By: T.F. Stern | Self-Educated American

All these years we’ve been playing a game with the Property Tax Assessors; they’re telling us what our property is worth according to market value so as to obtain as much tax from us as possible.  We attempt to mitigate that figure to something more palatable through the appeals process and eventually pay something very close to what the original assessment bill had been.

(Image courtesy of The Daily Herald)

The game is simple, pay your taxes or they place a lien on your property, or worse, foreclose on your property and auction it off to the highest bidder.

There is an inherent problem with the entire notion of letting property tax assessors tell us what our property is worth.  They work on the assumption that owners of the property are planning to sell at the current market value.  This assumption improperly negates the idea that owners, when purchasing the property, planned on keeping the property until the day they died.

If I purchased a house for, let’s say twenty thousand dollars in 1975, and have kept it in reasonably good repair, that house might be sold in today’s market at around two hundred thousand dollars.  The tax assessor comes by, jots down the location and considers what other houses in the area are selling for and sends in his/her perceived estimate of what the taxing authority should bill us for the opportunity to live in that neighborhood.

A month later we received a bill from the taxing authority telling us our house is currently being taxed for its market value of one hundred and ninety thousand dollars; their having lowered the assumed market value in order to avoid our appealing the estimate.  But wait; I purchased the house for only twenty thousand dollars and have no intention of ever selling.  The yearly taxes are approaching what the house was originally purchased for.  It becomes burdensome to remain in the house and so you begin contemplating putting it on the market; sell in order to live where the taxes aren’t quite as high, perhaps moving to a retirement apartment community.

Here’s the solution; the taxing authority and the owner will agree that at the time the property was purchased it was worth what the buyer paid.  This figure is easy to find as it will appear on the bill of sale.  The house will always be taxed on the amount which the purchaser agreed was a fair market value at the time of purchase.  That others all-around may wish to sell is irrelevant, the only individual capable of determining the value of the property is the owner.

This would put a squeeze on local governments as they tighten their belts; having scammed the public for so long as to believe their scam was legitimate.  This would also put tax assessors on the unemployed list since there would no longer be a need for them.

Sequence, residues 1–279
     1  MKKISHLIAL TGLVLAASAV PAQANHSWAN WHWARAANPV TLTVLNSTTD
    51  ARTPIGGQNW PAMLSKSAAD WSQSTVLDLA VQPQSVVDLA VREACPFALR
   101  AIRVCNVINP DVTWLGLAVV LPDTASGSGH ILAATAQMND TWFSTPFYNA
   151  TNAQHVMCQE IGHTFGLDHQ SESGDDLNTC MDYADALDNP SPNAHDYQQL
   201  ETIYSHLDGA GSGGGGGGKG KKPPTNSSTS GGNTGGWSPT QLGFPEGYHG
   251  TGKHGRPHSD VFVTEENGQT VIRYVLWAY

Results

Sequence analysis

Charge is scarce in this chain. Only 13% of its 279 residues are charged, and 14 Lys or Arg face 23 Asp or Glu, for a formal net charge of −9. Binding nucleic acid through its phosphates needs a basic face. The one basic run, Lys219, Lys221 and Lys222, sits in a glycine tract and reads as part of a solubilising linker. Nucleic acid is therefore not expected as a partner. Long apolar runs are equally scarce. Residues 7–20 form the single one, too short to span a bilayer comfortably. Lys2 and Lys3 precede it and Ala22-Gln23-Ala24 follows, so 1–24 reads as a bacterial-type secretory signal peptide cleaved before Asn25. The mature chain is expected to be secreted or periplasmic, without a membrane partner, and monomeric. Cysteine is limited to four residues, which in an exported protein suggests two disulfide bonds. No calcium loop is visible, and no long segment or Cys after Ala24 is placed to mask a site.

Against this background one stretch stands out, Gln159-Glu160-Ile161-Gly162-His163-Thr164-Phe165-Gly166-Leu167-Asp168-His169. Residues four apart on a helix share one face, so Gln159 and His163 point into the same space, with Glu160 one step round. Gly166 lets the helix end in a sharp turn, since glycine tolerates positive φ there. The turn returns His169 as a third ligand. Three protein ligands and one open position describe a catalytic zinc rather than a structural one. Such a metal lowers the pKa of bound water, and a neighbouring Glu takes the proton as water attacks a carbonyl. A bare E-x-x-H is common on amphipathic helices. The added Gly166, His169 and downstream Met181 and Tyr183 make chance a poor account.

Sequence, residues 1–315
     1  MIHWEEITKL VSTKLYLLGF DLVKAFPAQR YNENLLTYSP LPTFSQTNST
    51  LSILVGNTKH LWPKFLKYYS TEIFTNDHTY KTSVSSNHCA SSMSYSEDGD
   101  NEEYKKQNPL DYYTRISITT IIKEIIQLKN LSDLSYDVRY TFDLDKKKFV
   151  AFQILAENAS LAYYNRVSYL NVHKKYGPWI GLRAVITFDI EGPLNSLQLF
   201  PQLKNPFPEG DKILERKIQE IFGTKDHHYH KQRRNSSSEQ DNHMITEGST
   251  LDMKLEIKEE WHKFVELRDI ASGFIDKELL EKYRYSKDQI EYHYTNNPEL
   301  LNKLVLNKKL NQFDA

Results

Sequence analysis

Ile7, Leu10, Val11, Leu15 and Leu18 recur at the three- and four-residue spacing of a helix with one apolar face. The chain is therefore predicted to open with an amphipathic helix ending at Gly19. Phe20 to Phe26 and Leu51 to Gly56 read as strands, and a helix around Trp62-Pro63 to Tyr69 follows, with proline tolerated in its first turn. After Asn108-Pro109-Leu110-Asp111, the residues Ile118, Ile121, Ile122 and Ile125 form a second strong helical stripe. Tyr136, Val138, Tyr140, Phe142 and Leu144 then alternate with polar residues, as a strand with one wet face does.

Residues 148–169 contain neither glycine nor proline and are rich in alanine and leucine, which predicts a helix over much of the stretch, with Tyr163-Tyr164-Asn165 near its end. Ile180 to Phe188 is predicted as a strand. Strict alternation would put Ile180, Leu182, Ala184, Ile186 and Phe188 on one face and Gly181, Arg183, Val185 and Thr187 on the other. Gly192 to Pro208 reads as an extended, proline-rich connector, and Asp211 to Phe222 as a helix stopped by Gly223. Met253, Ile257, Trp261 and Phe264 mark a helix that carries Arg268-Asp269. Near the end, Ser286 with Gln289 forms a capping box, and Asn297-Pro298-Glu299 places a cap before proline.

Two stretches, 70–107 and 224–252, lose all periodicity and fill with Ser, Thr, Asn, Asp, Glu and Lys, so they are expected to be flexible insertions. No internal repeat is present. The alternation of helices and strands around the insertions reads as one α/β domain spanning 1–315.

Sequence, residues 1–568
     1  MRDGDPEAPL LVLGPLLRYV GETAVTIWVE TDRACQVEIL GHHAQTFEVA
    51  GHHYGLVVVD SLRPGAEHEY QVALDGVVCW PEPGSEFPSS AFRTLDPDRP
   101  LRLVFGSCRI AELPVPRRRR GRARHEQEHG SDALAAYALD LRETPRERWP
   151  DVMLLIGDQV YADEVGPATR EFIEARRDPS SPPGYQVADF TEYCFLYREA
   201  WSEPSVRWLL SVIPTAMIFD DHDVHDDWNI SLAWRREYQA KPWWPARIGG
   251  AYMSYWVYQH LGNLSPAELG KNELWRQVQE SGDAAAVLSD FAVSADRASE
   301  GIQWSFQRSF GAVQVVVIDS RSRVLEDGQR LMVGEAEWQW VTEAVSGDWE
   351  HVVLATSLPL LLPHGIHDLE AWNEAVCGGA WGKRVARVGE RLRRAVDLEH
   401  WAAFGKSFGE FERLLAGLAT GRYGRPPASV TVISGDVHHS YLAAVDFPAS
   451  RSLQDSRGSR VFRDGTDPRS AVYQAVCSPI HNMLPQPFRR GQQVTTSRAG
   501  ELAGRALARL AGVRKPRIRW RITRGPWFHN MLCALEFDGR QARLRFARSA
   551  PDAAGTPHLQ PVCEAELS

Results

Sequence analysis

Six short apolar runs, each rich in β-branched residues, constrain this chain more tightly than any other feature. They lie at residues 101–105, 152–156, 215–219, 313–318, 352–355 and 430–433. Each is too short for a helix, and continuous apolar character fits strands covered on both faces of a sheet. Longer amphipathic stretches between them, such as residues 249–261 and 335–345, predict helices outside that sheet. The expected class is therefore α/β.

But, the tax assessors would say; “What about improvements made to the property after it’s been purchased?  That would increase the value of the property and warrant additional taxes, wouldn’t it?”

No, those improvements are made to satisfy the owner of the property.  It becomes a matter of speculation that the owner made improvements simply to increase the property’s value in order to sell it to someone else.

My wife loves watching a show on the HGTV network, Love it or List it.  David and Hillary are the competitors showing houses in need of transformation by Hillary’s team of construction workers in order to meet their needs and desires.  At the same time, David takes them around to other houses or neighborhoods where they are shown properties that match up with their needs and desires.

After showing a house that exceeds their budget; but has everything imaginable under one roof he explains that they’ll have everything they want in this new house.  How could they not jump at such a perfect house?

David then takes out a piece of paper showing what their house is currently valued at, adds the cost of improvements along with the estimated new current market value.  He then reminds them what the new house is selling for and explains how they really can afford to purchase the new house in spite of it being thirty thousand dollars more than their top end limit.

At the end of the repairs, the owners must decide, “Do we love what Hillary’s done and keep it, absorbing the cost of those improvements… or… Do we buy the fancy new house David thinks is perfect for us and put the old house on the market, its value increased by the cost of those improvements?

Before the owners are given the chance to commit one way or the other, they break for several commercials; trying to sell premium value house paint, easy to install cabinet replacements, state of the art kitchen appliances, or solar roofing panels to offset your electricity bills.  Now, back to our program, “Are you going to Love it…or are you going to List it?”

If they decide they’re going to Love it, the camera pans over to David’s face showing incredulity at their having turned down the perfect property he’d picked for them.  How could you not want a newer, nicer house to live in?

Then again, Hillary’s team has turned their caterpillar into a Monarch Butterfly, so to speak.  How could they not stay in this marvelous house which they already own but can now appreciate it to the fullest and not go through the trials of moving?

So, what has this got to do with property tax assessments?  The property owner is the only one who can assign a value to any property; and that value is determined at the time of purchase, not five years, ten years or forty years later.

t-f-stern-1Self-Educated American, Senior Edi­tor, T.F. Stern is both a retired City of Hous­ton police offi­cer and, most recently, a retired self-employed lock­smith (after serving that industry for 40 plus years). He is also a gifted polit­i­cal and social com­men­ta­tor. His pop­u­lar and insight­ful blog, T.F. Sterns Rant­i­ngs, has been up and at it since January of 2005.